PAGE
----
Women are inherently emotional creation, emotional in how we connect with others and respond to the situations we are in. Men work on a different level, entirely. It’s why you can meet for your women’s study group every week and wish you could meet more often; yet your husband might be content with meeting once a month to check in with the guys. It is for this reason, emotional connection, the Women’s Ministry Council has a heart for building up a broad view of Women’s Ministry.
Brunches are great, as they fulfil our need to connect personally with others. Yet, they often lack deep instruction. Bible Studies are a great way to find instruction and wisdom. Yet, they often have a changing of attendees that prevents real relationships from forming. Small Groups, of set members who change study materials, may create a community; but too often those community groups can close out new people who bring their own wisdom and value.
A Women’s Ministry that solely relies on monthly brunches is not going to a have a long term deep impact on the spiritual growth of women in their church.
A Women’s Ministry that solely relies on Bible Studies and Small Groups is not going to connect the women in corporate worship and instruction.
We must strike balance.
Let us hold fast the confession of our hope without wavering, for He who promised is faithful; and let us consider how to stimulate one another to love and good deeds, not forsaking our own assembling together, as is the habit of some, but encouraging one another; and all the more as you see the day drawing near.
~ Hebrews 10:23-25
The same can be said about how diverse our ministries are. A Women’s Ministry that sits in the safety of the programs and offerings it has always provided is going to continue bringing like minded women. However, it will be a near impossibility to diversify that ministry program to include a broader representation of your church or community.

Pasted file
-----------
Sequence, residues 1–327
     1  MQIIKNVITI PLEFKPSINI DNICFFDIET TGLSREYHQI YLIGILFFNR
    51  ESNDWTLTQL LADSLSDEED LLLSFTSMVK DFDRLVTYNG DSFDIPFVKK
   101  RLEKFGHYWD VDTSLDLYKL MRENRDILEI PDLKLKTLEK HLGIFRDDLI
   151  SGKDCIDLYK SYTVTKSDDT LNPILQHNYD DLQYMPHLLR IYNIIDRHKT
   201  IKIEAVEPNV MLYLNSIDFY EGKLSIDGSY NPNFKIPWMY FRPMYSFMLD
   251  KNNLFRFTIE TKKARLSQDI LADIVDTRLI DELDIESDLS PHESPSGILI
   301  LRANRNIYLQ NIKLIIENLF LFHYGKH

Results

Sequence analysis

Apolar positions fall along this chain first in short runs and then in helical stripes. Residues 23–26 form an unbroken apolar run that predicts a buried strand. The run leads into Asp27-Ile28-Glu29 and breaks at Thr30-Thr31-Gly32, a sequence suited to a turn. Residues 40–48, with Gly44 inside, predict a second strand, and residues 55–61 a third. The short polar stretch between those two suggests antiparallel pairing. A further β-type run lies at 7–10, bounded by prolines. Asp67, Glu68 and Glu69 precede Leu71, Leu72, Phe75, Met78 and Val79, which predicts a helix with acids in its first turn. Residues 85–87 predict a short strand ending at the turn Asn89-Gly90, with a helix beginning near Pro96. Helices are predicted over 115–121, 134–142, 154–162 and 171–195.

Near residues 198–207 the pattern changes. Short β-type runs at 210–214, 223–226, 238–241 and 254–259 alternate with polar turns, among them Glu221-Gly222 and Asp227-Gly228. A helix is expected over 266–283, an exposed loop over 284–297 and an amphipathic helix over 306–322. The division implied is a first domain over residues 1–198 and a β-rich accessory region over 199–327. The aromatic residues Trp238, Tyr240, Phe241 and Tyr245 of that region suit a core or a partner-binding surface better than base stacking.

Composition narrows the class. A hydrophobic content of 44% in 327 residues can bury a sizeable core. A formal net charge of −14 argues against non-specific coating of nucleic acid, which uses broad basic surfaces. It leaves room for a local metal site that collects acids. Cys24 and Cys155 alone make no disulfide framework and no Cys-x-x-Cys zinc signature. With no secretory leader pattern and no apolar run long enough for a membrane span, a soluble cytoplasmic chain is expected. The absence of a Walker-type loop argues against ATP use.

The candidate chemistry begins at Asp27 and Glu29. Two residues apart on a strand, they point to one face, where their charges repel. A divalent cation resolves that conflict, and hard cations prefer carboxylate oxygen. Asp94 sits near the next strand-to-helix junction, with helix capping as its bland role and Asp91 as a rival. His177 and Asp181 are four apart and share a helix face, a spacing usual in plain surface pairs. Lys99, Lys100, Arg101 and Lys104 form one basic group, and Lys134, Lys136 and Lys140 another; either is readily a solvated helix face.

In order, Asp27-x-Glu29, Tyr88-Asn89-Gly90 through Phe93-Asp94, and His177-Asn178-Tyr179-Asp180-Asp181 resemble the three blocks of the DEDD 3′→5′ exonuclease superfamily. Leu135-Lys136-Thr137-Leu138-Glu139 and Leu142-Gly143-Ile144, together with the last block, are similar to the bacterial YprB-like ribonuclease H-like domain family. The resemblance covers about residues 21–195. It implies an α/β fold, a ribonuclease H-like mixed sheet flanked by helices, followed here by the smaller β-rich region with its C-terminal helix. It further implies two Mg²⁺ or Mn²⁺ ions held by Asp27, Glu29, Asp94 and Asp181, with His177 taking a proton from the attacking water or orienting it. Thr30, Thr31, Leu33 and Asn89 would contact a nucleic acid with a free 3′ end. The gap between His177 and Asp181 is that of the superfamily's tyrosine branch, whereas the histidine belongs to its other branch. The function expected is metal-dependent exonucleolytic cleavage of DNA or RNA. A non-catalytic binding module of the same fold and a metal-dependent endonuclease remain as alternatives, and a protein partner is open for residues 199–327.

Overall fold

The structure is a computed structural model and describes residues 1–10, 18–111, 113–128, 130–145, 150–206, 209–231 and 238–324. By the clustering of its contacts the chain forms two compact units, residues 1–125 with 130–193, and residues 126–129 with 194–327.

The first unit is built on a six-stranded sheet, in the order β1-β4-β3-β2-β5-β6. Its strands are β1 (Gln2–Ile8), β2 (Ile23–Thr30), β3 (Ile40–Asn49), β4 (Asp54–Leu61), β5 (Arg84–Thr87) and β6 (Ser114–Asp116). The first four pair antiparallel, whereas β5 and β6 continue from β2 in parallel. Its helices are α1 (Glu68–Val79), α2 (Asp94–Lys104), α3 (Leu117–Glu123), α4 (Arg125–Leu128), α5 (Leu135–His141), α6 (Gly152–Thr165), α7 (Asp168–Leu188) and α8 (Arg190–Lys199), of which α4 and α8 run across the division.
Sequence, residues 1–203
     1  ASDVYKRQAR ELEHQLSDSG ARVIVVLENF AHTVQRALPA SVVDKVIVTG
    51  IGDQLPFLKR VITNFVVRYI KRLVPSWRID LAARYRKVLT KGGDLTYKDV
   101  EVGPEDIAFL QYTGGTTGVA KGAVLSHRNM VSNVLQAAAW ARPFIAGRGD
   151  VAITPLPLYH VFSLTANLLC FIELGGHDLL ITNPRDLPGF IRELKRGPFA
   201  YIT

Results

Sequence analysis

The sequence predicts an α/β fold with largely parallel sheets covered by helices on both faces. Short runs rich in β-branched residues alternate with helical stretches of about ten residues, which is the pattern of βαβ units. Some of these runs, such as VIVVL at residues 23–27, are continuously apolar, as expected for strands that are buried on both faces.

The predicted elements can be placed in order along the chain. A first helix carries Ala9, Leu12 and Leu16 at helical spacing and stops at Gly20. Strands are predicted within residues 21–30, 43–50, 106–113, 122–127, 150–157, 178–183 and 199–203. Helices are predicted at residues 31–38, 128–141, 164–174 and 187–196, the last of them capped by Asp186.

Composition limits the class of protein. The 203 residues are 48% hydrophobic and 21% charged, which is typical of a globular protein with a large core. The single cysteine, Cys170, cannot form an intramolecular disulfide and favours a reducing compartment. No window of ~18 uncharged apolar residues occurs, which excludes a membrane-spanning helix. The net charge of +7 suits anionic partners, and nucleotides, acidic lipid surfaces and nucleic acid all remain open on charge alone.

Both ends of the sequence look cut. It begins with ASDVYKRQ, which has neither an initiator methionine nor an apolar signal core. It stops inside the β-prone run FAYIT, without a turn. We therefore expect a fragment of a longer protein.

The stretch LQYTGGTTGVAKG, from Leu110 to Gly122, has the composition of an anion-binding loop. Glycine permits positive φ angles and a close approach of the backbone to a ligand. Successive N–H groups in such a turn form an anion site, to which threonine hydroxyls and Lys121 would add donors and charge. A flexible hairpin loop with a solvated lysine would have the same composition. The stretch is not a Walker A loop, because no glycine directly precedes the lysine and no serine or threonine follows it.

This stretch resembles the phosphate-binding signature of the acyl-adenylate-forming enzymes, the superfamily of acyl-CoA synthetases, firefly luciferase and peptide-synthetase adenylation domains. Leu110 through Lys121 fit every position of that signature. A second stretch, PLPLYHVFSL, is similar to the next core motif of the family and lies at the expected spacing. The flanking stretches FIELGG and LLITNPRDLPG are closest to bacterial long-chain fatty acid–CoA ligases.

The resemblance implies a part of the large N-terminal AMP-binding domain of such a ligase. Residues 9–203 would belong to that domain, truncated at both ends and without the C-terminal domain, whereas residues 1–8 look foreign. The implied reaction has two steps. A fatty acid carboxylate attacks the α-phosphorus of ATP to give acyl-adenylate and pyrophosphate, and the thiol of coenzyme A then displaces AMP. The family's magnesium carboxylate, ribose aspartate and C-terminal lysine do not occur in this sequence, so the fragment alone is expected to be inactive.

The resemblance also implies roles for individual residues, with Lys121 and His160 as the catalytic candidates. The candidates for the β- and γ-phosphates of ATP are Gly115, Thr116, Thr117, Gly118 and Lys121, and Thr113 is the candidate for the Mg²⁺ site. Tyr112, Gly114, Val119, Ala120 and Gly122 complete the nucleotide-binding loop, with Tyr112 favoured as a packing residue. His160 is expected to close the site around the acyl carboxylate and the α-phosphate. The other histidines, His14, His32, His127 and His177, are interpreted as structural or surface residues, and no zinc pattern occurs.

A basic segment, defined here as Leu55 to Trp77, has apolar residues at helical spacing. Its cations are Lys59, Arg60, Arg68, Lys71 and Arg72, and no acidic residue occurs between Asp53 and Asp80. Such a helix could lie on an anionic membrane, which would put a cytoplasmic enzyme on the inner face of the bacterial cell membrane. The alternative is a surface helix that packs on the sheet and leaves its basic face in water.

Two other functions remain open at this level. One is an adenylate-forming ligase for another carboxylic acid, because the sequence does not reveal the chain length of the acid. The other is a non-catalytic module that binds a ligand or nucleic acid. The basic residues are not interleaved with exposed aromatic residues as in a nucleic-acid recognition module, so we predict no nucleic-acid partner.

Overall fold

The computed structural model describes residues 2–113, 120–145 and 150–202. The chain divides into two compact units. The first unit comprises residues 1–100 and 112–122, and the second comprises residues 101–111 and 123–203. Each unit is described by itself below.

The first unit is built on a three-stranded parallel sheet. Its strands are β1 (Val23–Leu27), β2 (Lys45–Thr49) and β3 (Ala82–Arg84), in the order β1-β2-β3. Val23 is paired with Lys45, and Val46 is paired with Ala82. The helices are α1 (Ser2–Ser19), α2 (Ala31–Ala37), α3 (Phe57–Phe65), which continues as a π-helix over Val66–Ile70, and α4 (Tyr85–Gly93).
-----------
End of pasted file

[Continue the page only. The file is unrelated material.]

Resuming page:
During the last WMC meeting, one point that both Aimee Nelson and Jenny Andrews was made is our common identity. Before all things we are Christian women, daughters of the King. This is our common unity.
I can eat, drink, and remember how Christ changed my life… regardless of what food is on my plate or drink fills my cup. I can do this at a table in a local café, or the home of a new friend. To sit and break bread with a fellow believer sharing our testimonies with one another is a blessing beyond measure. Regardless of our skin color or backgrounds, we love the same God.
It can be difficult to facilitate change in a ministry where many area already accustomed to certain events. We cannot facilitate change if we do things the same way we have always done. Yet, if you change everything you may bring in new faces and your women already invested may leave, which doesn’t help bring people together either. Change is hard. However we can begin to implement change in smaller measures.
What if I invited a worship singer from a local African American church to sing for the worship portion of our brunch?
What if I went to a local, family owned, ethnic restaurant and catered in dinner for our next guest speaker?
What if our next speaker was born in another country?
What if our next keynote speaker at our retreat was a woman rescued from sex trafficking?
What if our next Bible Study was written by an African American author or a woman from another country?
What if we began a series of events where we brought in women from various ethnic churches in our community to learn more about who they are, what their ministry goals are, and how we can help?
You don’t have to dismantle and rebuild a ministry to bring change via a total overhaul. You can begin to take small steps, over time.
Eat, drink, and remember…
we are all precious in His sight.